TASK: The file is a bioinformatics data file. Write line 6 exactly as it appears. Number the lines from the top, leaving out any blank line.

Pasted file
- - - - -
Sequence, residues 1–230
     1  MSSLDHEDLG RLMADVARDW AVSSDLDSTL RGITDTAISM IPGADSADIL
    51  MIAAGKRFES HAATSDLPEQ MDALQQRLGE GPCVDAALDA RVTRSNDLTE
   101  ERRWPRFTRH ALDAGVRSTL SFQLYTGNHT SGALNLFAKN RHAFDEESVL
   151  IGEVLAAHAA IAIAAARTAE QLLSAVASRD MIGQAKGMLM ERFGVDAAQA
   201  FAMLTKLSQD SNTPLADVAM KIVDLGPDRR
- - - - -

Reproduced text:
   201  FAMLTKLSQD SNTPLADVAM KIVDLGPDRR